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Abstract Classes





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Abstract Classes in java:

When the keyword abstract appears in a class definition, it means that zero or more of it’s methods are abstract.

An abstract method has no body.

Some of the subclass has to override it and provide the implementation.

Objects cannot be created out of abstract class.

Abstract classes basically provide a guideline for the properties and methods of an object.

In order to use abstract classes, they have to be subclassed.

There are situations in which you want to define a superclass that declares the structure of a given abstraction without providing a complete implementation of every method.

That is, sometimes you want to create a superclass that only defines generalized form that will be shared by all of its subclasses, leaving it to each subclass to fill in the details.

One way this situation can occur is when a superclass is unable to create a meaningful implementation for a method.

Syntax :

            abstract type name(parameter-list);

As you can see, no method body is present.

Any class that contains one or more abstract methods must also be declared abstract.

To declare a class abstract, you simply use the abstract keyword in front of the class keyword at the beginning of the class declaration.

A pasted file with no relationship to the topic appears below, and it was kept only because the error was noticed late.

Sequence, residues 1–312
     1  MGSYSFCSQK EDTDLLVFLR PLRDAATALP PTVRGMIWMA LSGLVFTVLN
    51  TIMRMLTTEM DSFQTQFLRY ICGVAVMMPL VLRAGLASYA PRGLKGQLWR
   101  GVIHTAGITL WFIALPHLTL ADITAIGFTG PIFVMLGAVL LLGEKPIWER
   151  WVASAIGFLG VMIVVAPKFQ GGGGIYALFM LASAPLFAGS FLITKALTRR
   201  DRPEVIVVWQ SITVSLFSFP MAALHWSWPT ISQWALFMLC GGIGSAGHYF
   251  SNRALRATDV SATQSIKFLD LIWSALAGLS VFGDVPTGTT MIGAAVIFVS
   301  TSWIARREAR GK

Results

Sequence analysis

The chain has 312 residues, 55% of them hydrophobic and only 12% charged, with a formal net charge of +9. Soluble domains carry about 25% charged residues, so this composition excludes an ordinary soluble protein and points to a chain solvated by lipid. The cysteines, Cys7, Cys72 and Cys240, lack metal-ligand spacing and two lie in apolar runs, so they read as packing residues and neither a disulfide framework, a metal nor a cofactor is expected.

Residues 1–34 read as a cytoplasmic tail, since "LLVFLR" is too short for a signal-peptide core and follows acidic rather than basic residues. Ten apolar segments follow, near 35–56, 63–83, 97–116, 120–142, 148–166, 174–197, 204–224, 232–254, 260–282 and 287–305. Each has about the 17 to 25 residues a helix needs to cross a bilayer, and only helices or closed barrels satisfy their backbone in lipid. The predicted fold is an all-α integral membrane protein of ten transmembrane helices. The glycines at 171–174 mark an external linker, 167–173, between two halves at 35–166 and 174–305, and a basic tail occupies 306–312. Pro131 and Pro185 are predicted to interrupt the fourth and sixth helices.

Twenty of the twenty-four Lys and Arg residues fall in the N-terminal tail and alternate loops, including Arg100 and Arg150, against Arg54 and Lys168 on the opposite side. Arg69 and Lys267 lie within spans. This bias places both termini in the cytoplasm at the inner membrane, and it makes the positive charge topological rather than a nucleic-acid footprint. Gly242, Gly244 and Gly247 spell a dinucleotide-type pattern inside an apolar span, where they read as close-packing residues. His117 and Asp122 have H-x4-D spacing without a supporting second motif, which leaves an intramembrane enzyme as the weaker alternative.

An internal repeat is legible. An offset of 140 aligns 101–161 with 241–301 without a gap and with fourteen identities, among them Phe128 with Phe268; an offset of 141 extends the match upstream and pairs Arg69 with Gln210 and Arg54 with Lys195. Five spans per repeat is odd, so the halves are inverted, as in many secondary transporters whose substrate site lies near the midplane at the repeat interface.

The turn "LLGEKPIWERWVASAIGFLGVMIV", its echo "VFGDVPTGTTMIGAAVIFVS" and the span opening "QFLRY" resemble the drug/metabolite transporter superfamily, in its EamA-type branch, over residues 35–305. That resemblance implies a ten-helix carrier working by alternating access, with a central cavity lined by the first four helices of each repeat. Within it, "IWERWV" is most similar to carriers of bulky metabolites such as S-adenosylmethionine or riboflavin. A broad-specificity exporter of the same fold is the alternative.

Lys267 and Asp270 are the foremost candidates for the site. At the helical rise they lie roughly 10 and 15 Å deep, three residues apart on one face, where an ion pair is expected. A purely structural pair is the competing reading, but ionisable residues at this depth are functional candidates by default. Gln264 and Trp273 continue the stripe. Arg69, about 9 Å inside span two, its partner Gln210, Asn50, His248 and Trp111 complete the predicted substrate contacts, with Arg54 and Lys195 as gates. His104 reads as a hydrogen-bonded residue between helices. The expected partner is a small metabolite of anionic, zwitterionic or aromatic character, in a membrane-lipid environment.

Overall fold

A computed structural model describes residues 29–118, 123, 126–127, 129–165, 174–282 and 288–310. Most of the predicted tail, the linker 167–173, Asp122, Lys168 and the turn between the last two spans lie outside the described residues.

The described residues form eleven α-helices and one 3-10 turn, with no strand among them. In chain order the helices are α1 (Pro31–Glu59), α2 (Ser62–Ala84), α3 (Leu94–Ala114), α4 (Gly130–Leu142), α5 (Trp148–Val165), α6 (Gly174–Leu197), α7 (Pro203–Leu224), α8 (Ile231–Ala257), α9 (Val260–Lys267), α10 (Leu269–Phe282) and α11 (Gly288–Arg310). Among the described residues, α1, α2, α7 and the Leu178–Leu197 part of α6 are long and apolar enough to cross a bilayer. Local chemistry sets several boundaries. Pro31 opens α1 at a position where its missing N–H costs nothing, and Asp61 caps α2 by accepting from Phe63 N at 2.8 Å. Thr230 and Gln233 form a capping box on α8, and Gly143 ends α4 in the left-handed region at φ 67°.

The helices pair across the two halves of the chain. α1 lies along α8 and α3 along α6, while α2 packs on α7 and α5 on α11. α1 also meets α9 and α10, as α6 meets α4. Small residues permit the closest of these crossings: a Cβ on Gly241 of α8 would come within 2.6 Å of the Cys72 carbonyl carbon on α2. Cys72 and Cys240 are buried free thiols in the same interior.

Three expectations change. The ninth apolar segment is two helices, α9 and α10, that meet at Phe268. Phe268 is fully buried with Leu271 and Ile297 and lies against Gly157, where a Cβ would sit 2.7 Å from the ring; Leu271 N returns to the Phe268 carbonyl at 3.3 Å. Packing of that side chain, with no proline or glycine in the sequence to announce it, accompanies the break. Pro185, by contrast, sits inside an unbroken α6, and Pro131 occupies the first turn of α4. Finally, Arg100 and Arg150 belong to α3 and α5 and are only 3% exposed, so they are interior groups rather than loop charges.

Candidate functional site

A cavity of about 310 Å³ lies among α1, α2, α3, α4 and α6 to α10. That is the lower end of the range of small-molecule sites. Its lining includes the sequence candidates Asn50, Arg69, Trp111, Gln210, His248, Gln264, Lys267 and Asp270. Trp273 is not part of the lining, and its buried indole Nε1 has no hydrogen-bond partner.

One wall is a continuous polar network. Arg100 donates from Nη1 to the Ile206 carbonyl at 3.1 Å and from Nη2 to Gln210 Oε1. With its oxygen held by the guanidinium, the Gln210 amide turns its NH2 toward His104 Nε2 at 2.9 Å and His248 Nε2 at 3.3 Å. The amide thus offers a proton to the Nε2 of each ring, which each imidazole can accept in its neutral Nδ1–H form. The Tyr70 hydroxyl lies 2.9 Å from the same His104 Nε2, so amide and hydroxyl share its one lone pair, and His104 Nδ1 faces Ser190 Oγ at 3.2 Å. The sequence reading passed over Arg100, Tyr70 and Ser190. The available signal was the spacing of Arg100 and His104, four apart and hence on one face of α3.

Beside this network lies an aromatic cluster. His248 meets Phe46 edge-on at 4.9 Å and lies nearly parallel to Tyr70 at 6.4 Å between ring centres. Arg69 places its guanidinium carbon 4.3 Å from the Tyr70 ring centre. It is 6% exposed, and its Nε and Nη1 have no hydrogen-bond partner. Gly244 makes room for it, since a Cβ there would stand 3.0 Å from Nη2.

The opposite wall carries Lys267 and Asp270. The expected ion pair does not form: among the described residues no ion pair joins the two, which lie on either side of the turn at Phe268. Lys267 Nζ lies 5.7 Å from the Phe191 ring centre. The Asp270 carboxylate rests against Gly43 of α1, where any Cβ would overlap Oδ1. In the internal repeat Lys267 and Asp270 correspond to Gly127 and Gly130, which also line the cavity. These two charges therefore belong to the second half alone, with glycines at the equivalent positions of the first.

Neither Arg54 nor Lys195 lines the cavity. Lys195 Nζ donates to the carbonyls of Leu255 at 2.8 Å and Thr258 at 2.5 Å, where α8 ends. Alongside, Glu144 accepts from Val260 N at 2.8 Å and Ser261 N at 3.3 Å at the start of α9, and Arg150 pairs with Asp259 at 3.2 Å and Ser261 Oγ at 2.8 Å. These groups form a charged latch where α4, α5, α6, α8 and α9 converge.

There can be no objects of an abstract class.

That is, an abstract class cannot be directly instantiated with the new operator.

Any subclass of an abstract class must either implement all of the abstract methods of the superclass, or be itself declared abstract.

EX :

abstract class A1
{
	abstract void displayb1();
	void displaya1()
	{
		System.out.println("This is a concrete method");
	}
	
}

class B1 extends A1
{
	void displayb1()
	{
		System.out.println("B1's implementation");
	}
}

public class Abstract_Demo 
{
	public static void main(String args[])
	{
		B1 b = new B1();
		b.displayb1();
		b.displaya1();  
	}
}

 
Output :
 
B1's implementation
This is a concrete method
 
EX 2 :
 
 

 

 abstract class shape
{
	double dim1;
	double dim2;
	shape(double a, double b)
	{
		dim1 = a;
		dim2 = b;
	}
	abstract double area();
}

class rectangle extends shape
{
	rectangle(double a, double b)
	{
		super(a,b);
	}
	double area()
	{
		System.out.println("Area of rectangle.");
		return dim1*dim2;
	}
}

class triangle extends shape
{
	triangle(double a, double b)
	{
		super(a,b);
	}
	double area()
	{
		System.out.println("Area of triangle.");
		return dim1*dim2/2;
	}
}

public class Abstract_D2 
{
	public static void main(String args[])
	{
		rectangle r = new rectangle(10,20);
		triangle t = new triangle(10,6);
		
		System.out.println(r.area());
		System.out.println(t.area());	
	}
}

 
Output:
 
Area of rectangle.
200.0
Area of triangle.
30.0